MixedThe Washington PostThe novel is a collection of characters and incidents that only barely relate to one another, much like the two fires reported in its opening pages. No event — past or impending — or person or setting can lay claim to the novel’s center of gravity, a multiplicity with potential that, as executed, resembles inattention ... Ambitious but suffers from disinterest in its own moving parts, including the tides of recent history within which it is conspicuously placed.
RaveThe New YorkerA Life of One’s Own is itself the writerly achievement she had hoped for, which means that the larger story of her absorbing, eccentric book is the story of how she came to write it ... Biggs is an attentive reader ... Biggs’s book is fuelled by faith in the transmission of feeling as knowledge ... Alongside Biggs’s search for a way to be a woman apart from being a wife is her search for a way to be a writer apart from being a critic. On the evidence of A Life of One’s Own, she has found it.
Arline T. Geronimus
MixedThe New YorkerAssembl[es] insights from a nearly forty-year career researching the adverse health effects of racism and poverty. She recruits a range of sources ... There is a missing middle in her book between the structural and the anecdotal that is, at heart, a conceptual problem. The structural forces of oppression exert an intuitive yet ill-defined pressure on a person’s immediate circumstances. They are everywhere, and yet they remain hard to pin down ... The book has another rhetorical problem, one endemic to recent populist explainers of social issues. There is a preponderance of what I think of as trade-book baby talk ... The proposals Geronimus offers are as friendly and unchallenging as her prose ... The power of Geronimus’s project remains the attempt to provide a conceptual framework for patterns that medical institutions, in their convenient recourse to individual failings, have yet to fully recognize.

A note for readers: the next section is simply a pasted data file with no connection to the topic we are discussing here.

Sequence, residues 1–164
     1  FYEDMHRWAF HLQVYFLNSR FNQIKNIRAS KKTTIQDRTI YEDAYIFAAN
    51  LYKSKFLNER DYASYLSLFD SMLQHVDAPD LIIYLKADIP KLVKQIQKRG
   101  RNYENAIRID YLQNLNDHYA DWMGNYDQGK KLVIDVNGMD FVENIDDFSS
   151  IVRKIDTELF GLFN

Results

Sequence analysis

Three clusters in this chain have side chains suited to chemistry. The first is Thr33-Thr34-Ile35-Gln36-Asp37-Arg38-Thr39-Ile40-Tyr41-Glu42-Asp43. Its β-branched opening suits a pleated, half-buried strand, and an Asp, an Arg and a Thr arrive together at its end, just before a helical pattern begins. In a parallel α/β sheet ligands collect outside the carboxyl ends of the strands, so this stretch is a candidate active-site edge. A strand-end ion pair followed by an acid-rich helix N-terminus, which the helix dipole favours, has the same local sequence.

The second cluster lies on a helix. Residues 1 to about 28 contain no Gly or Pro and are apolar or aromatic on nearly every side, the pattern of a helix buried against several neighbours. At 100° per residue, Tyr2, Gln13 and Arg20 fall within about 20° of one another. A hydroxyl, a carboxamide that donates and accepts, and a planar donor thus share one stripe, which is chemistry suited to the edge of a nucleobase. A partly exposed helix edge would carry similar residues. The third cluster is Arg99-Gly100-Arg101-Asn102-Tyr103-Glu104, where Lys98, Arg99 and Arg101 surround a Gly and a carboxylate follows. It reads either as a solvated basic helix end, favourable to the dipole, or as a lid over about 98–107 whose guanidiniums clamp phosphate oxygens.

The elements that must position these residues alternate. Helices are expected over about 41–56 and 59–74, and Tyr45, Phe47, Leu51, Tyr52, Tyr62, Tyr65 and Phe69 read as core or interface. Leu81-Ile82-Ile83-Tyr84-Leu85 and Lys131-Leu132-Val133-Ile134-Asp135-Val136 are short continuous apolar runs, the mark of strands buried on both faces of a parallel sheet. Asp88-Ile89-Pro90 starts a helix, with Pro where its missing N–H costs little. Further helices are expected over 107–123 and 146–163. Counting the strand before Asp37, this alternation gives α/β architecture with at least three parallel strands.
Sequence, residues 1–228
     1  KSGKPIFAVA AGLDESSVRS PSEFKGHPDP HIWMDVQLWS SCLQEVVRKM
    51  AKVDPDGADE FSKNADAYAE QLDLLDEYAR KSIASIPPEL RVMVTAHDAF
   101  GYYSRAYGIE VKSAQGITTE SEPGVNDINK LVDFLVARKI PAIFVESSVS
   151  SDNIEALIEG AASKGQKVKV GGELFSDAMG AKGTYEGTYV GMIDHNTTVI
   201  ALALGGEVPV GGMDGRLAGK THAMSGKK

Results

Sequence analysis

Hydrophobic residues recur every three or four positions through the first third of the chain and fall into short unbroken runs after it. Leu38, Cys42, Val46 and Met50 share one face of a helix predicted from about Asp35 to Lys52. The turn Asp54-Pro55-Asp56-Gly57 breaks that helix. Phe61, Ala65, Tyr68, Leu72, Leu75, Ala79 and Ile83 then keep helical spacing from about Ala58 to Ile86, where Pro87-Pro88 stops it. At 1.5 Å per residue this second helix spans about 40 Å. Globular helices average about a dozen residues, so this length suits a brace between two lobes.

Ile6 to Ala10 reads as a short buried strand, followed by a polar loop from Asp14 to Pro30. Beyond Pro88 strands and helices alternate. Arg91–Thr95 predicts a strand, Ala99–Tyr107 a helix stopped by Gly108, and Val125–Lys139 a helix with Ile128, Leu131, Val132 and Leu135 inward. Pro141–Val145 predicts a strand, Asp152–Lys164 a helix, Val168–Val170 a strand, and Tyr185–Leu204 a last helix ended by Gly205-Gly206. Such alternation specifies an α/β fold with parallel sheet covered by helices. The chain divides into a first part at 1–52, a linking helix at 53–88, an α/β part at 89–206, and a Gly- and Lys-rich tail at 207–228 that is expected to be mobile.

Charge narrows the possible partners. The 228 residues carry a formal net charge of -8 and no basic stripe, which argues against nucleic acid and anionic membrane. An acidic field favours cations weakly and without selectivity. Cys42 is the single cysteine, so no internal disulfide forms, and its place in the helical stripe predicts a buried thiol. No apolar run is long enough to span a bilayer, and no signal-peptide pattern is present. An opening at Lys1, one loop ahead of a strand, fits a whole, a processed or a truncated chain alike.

RaveThe New Yorker... batters against the fixities of language like a moth at a windowpane ... Serpell writes in rhizomes—extended subterranean stems that send up shoots at unpredictable intervals ... The novel’s engine is epistemic as well as emotional, Serpell being one of those novelists who have metabolized the quirks and the canniness of literary theory ... though the novel’s story lines turn and twist, the precision of Serpell’s language remains under exquisite control ... a novel that embraces fretting and fondling alike ... Serpell reminds us on every page that nothing is less reliable than language—that every story is necessarily a betrayal...The result is a novel that reclaims and refashions the genre of the elegy, charging it with as much eros as pathos. Furrows are the tracks we make and the tracks we cover up, and the shifting ground of Serpell’s novel denies every certainty save that the furrows are where we all live.
PositiveThe New Yorker... much fresh detail ... \'This is not a book telling Josephine Baker’s life story,\' Lewis cautions. His saga, though it stretches across five hundred pages, is mainly concerned with Baker’s service as a secret agent, and mainly confined to the years shadowed by the Second World War. There’s another sense, too, in which it isn’t her life story: the account is largely told by an assemblage of third parties. Lewis’s bibliography and notes make clear how deeply he has drawn on interviews with veterans, memoirs by agents, the private family archives of a British spymaster, and the wartime files of intelligence bureaus, some of which were not made available to the public until 2020.